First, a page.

Mugabe should resign over Kalanga comments – MDC

Harare – Zimbabwe’s main opposition Movement for Democratic Change says President Robert Mugabe should resign in the wake of his “highly misguided” comments about Kalangas which have sparked outrage.

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Spokesperson Obert Gutu said in a statement on Thursday that Mugabe’s jibe at the end of a SADC summit in Harare this week “borders on advanced levels of senility”.

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Responding to a question on the xenophobic violence that has swept through parts of Durban and Johannesburg this month, Mugabe said that in the past Kalangas were reputed to be crooks and weren’t educated enough to take on jobs.

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Some Zimbabweans saw the comments as evidence Mugabe was partly blaming victims of the xenophobic attacks for what happened.

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Gutu said: “It has become very clear that Mugabe’s politics has become archaic and irrelevant to modern dictates of world political order.

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“We therefore call upon Mugabe to do the noble thing and resign first as the chairperson of the two regional bodies [SADC and AU, both of which Mugabe chairs] and also as the president of this country as he no longer has the gravitas and requisite capacity to take these important institutions to the next level,” The spokesperson for the Morgan Tsvangirai-led party said.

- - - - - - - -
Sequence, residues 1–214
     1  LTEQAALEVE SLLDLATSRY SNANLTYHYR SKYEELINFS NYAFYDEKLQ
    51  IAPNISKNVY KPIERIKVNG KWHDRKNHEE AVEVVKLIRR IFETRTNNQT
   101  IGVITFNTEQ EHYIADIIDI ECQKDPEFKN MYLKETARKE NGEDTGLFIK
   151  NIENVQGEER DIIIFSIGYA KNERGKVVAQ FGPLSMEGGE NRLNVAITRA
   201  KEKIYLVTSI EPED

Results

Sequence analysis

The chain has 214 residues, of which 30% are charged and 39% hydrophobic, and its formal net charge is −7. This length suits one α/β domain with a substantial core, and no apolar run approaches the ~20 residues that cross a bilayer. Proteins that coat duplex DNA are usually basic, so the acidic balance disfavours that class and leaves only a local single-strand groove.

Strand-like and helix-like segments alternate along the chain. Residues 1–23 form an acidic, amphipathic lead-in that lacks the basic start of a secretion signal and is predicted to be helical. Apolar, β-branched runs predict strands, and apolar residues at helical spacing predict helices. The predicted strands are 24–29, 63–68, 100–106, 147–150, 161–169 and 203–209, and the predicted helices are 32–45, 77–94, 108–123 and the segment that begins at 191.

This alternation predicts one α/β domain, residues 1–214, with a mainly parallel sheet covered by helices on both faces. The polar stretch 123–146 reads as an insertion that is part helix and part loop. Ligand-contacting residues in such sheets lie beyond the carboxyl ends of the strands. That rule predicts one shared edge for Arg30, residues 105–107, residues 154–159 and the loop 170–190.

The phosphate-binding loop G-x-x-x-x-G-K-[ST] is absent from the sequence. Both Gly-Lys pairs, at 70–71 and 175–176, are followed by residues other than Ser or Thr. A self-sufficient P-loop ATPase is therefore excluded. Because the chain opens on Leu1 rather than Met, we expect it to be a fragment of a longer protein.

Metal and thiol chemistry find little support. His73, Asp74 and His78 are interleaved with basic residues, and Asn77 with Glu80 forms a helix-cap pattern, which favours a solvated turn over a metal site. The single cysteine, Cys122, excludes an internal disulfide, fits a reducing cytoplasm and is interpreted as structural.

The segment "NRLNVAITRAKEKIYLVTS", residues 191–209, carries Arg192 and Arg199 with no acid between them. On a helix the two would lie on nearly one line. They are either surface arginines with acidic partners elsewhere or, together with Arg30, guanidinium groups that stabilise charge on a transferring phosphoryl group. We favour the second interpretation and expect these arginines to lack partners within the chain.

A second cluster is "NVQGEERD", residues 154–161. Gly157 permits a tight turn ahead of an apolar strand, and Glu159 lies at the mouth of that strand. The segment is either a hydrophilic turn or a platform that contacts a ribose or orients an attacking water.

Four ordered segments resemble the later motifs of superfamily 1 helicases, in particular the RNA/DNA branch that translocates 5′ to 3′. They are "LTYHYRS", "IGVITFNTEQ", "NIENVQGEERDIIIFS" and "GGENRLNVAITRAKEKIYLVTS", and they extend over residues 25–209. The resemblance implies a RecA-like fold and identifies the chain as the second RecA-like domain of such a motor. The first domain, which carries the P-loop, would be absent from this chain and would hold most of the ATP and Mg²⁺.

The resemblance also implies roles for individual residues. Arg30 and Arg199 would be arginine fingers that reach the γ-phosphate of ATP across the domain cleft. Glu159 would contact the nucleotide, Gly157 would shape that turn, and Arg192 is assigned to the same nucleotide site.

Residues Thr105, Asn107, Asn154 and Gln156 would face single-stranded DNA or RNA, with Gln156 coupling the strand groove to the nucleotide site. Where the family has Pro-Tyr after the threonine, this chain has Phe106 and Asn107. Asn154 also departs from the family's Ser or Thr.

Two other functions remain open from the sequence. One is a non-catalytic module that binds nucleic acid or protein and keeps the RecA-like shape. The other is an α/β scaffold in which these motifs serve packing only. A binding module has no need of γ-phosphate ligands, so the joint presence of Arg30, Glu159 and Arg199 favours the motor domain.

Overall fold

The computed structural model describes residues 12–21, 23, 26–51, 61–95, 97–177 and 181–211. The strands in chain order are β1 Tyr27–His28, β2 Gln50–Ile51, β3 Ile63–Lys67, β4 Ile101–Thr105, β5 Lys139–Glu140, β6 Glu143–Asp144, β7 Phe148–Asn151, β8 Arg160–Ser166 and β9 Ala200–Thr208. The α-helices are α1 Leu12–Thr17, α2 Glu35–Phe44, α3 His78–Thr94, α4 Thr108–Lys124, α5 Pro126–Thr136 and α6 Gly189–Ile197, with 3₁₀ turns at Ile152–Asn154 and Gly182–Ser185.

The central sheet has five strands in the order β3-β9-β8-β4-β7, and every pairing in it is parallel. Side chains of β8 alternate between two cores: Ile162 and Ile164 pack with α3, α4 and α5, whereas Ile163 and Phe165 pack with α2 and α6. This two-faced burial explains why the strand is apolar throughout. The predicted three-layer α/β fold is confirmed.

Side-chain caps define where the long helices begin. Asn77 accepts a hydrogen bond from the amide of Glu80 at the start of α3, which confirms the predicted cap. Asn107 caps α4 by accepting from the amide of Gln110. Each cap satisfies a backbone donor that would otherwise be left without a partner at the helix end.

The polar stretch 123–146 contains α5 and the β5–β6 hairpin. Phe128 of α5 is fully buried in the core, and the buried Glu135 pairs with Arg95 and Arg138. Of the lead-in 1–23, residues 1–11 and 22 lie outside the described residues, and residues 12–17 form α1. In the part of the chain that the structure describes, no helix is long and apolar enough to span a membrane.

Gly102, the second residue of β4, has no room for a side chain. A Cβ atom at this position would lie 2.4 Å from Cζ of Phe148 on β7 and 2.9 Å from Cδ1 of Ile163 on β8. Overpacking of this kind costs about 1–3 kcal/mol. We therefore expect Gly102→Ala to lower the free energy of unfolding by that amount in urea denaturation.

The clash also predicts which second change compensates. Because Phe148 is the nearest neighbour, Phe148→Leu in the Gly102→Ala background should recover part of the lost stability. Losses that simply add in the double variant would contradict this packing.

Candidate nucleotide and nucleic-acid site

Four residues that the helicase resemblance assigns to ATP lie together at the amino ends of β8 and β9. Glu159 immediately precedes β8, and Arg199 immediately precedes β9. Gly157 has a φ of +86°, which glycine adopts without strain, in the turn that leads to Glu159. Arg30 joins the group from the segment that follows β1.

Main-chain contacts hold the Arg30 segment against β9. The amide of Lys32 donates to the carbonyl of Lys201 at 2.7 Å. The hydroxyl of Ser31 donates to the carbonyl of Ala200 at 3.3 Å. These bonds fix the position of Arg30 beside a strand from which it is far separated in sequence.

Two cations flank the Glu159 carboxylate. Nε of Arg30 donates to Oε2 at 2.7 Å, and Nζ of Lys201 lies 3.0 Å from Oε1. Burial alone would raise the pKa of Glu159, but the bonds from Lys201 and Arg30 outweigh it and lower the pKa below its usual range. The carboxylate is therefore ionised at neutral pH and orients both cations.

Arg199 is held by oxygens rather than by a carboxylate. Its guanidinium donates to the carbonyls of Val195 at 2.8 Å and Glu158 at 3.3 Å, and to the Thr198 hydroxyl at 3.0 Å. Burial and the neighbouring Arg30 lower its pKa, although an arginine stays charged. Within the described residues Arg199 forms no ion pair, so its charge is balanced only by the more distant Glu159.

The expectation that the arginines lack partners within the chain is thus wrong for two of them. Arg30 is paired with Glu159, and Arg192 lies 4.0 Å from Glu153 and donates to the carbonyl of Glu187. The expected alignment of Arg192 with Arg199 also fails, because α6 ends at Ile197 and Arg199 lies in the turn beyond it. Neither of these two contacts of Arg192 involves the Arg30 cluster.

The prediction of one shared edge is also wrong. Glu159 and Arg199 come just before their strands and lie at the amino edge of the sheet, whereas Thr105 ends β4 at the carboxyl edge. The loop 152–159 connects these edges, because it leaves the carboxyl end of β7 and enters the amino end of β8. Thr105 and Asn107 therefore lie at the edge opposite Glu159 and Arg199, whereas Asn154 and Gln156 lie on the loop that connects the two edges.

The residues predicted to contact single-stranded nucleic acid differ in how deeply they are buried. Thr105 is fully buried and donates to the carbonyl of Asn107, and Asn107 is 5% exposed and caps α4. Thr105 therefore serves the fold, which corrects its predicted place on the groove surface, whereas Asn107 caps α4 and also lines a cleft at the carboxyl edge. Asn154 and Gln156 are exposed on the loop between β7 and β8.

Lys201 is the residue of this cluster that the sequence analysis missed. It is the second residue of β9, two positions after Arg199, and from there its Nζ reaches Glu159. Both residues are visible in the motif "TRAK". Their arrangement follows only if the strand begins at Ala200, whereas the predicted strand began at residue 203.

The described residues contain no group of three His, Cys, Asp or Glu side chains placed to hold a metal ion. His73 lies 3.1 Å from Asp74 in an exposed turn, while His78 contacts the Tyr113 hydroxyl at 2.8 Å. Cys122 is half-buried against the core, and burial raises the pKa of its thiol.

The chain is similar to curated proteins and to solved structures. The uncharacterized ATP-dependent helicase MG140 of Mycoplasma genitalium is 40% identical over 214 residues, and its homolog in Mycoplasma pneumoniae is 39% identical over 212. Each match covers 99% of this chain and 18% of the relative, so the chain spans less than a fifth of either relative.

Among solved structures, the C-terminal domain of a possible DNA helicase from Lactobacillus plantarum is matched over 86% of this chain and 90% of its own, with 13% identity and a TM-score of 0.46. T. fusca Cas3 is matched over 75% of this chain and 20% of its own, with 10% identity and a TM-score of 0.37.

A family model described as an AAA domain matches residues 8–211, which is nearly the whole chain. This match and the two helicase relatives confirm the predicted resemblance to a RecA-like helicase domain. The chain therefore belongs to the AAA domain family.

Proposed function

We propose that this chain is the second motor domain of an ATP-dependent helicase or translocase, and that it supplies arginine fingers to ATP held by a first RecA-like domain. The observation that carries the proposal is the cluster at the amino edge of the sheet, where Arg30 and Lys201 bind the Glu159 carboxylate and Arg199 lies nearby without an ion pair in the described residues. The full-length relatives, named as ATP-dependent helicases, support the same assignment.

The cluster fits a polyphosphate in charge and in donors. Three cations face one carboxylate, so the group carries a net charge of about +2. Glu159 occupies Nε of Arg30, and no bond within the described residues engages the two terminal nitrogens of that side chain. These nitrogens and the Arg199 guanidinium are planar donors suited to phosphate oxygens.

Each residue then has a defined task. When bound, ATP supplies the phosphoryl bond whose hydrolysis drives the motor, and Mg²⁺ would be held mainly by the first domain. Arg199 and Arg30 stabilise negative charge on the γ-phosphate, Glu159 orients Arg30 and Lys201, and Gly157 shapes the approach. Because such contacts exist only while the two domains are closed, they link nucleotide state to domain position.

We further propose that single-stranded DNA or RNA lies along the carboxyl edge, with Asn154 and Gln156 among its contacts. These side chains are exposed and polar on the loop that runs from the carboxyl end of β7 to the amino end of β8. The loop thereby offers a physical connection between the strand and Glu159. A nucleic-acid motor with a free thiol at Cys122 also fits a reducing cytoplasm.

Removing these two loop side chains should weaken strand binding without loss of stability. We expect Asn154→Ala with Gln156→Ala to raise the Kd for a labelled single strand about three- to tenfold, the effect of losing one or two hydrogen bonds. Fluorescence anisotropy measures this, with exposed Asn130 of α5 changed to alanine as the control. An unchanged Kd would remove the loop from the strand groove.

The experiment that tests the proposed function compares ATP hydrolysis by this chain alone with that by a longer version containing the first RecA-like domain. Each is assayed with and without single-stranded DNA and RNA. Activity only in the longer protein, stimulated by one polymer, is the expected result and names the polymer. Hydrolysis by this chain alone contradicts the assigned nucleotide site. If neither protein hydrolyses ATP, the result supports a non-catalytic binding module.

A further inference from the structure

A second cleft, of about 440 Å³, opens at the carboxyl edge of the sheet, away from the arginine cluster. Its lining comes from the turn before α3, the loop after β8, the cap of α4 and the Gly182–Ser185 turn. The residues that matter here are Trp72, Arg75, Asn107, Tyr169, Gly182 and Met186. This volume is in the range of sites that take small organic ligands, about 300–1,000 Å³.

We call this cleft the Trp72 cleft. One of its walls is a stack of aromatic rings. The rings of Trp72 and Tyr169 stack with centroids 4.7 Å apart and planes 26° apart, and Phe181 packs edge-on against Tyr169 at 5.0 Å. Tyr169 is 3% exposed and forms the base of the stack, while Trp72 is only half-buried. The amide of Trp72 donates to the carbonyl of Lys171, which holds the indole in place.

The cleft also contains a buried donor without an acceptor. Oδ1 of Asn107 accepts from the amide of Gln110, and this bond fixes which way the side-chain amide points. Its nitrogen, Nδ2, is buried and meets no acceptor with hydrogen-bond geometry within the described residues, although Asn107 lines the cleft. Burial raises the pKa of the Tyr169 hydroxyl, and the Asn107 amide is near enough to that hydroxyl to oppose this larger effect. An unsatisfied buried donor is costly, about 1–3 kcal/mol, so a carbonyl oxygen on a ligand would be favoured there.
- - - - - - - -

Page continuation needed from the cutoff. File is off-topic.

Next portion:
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A separate Movement for Democratic Change group led by Welshman Ncube said in a statement that Mugabe’s comments on Kalangas were “nauseatingly tribalistic, divisive and extremely hurtful”.

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“All Zimbabweans, including Kalangas, pay taxes where [Mugabe] personally draws a salary and allowance and a very heavy medical care and unprofitable travel bill,” the MDC statement said.

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Many Kalangas live in Zimbabwe’s south-western Matabeleland provinces, where rates of migration to South Africa are highest and where support for the opposition is also strong.

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At least seven people, including one Zimbabwean, were confirmed killed in the attacks.

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Zimbabwe has repatriated nearly 900 of its citizens, but Mugabe said on Wednesday that many of the male returnees want to return to South Africa.

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Many Zimbabweans reacted angrily on Thursday to reports that President Robert Mugabe had called members of the Kalanga tribe uneducated crooks at a SADC summit this week.

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Video footage of the 91-year-old president on Wednesday saying that Kalangas were widely regarded in the past to have engaged in petty criminal activities in South Africa is being circulated widely in Zimbabwe.

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Many Kalangas live in Zimbabwe’s south-western Matabeleland provinces, where rates of migration to South Africa are highest.